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Well, can you blame them if they don’t want to be sued by Baha’is, Buddhists, Hindus, pagans, Shintoists, Sikhs and Jains, etc., for not allowing their public-school students to observe their religious holidays? “Diversity” has become the progressive/liberal/socialist/Democrat mantra. Our liberal local and federal judges, appellate courts, and four Supreme Court justices no longer consider America as a Judeo-Christian nation, even though America’s Founding Fathers and successive administrations until the 1960s thought so.
The city of Tempe has become a national front-runner in LGBT equality after scoring a perfect score of 100 on the Human Rights Campaign’s Municipal Equality Index.
Arizona's charter schools are not entitled to another $135 million of taxpayer funds, the state Court of Appeals ruled Tuesday.
HONOLULU (AP) — A teacher has been suspended from a Hawaii public school after she was arrested on a warrant for allegedly having sex with a student in Arizona.
Honolulu police and U.S. Marshals arrested 45-year-old Deborah Hoshiyama early Tuesday at a Waikiki condominium. She's also known as Deborah Nicholson.
The Marshals Service says she's wanted on a Maricopa County warrant issued in October. She's accused of having a sexual relationship with a student in 2008 while a teacher in Avondale, Arizona.
Principal Jeff Vilardi says she began working as a special-education teacher at the Voyager Public Charter School in Honolulu school Nov. 7. She's suspended with pay.
She couldn't be reached for comment in police custody. An extradition hearing is scheduled for Thursday.
Who wants to talk birth control? Abortion? Adoption? Childbirth? Those four issues became the latest imbroglio involving the Gilbert Public Schools Governing Board.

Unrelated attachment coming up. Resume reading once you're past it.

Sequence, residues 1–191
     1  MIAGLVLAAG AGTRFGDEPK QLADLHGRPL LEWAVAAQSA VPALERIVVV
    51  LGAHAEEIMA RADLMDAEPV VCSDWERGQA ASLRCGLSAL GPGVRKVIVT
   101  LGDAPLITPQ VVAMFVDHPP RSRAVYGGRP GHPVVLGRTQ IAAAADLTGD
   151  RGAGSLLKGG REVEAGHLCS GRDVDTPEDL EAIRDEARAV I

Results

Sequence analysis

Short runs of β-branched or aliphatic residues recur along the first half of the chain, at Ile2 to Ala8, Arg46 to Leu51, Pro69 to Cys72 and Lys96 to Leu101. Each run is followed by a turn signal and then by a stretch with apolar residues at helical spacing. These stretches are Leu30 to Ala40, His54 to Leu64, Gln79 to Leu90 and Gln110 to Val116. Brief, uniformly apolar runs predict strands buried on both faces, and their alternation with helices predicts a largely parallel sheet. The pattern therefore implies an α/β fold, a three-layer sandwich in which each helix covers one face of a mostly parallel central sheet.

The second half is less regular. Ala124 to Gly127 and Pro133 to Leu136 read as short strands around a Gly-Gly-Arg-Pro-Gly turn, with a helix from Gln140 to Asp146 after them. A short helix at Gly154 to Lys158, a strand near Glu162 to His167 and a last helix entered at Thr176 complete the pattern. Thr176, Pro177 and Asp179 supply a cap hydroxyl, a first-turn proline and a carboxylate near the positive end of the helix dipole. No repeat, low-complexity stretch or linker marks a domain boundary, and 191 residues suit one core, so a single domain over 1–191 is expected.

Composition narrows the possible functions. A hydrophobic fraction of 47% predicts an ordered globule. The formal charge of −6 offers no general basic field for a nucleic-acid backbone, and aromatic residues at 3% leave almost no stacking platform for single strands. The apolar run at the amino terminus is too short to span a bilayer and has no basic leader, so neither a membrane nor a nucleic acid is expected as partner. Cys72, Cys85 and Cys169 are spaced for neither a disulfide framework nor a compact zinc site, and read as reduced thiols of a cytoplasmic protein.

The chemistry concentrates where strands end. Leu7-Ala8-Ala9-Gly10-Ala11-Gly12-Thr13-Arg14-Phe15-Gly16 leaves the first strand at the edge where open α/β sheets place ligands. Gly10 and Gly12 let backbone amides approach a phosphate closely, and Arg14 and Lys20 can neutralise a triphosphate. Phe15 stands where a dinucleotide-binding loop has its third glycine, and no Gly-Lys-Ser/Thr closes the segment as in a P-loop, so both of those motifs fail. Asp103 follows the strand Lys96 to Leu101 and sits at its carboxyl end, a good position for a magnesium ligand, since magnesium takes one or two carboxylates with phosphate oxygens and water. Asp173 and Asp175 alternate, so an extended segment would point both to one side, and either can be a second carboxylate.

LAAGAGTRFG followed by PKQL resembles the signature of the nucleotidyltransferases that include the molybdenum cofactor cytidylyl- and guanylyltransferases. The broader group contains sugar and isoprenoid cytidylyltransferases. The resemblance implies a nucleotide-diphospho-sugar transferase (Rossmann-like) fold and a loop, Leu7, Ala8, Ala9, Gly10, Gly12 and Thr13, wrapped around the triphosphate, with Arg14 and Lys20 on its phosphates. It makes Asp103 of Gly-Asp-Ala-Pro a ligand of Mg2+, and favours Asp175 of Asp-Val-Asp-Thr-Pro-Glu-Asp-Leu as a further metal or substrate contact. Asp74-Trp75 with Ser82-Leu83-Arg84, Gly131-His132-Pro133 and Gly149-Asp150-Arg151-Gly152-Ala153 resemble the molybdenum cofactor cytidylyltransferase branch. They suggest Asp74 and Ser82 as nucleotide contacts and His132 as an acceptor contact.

Having to account for growing student enrollment, Leading Edge Academy came up with a unique solution to the problem — open up a brand-new facility at a former grocery store.
On the afternoon of Oct. 23, BASIS charter school in Mesa will host a viewing party for a partial eclipse of the sun, which will take place between 2:40 p.m. and 4:45 p.m.
Democrat Fred DuVal used the last gubernatorial debate Tuesday to essentially accuse Doug Ducey of class warfare, robbing from schools to give tax breaks to the rich.
PARADISE VALLEY -- Democrat Fred DuVal used the last gubernatorial debate Tuesday to essentially accuse Doug Ducey of class warfare, robbing from schools to give tax breaks to the rich.
Ducey has centered his gubernatorial campaign on his theme of "kick-starting'' Arizona's moribund economy. Central to that is his promise to work to eliminate the state income tax. But DuVal told an audience of two different women's groups such a move would be irresponsible.
He cited the anticipated deficit of $500 million this fiscal year and more than $1 billion next year. That includes a court order to immediately boost school funding by $331 million, a decision DuVal said he will accede to and that Ducey wants to appeal.
"This is a choice you get to make,'' DuVal said.
"Doug's priority is to lower taxes for the wealthiest among us,'' he continued. "My priority is to assure that we adequately fund schools.''
But Ducey appears to be backing away -- or at least finessing -- his position on tax cuts.
During both the Republican primary and since then, Ducey has said he wants to move toward eliminating the tax, or at least making it "flatter and fairer.'' Tuesday, however, he had a different message.
"No one's ever talked about eliminating the income tax,'' he told the audience. Instead he said his goal is simply to drive it "as close to zero as possible.''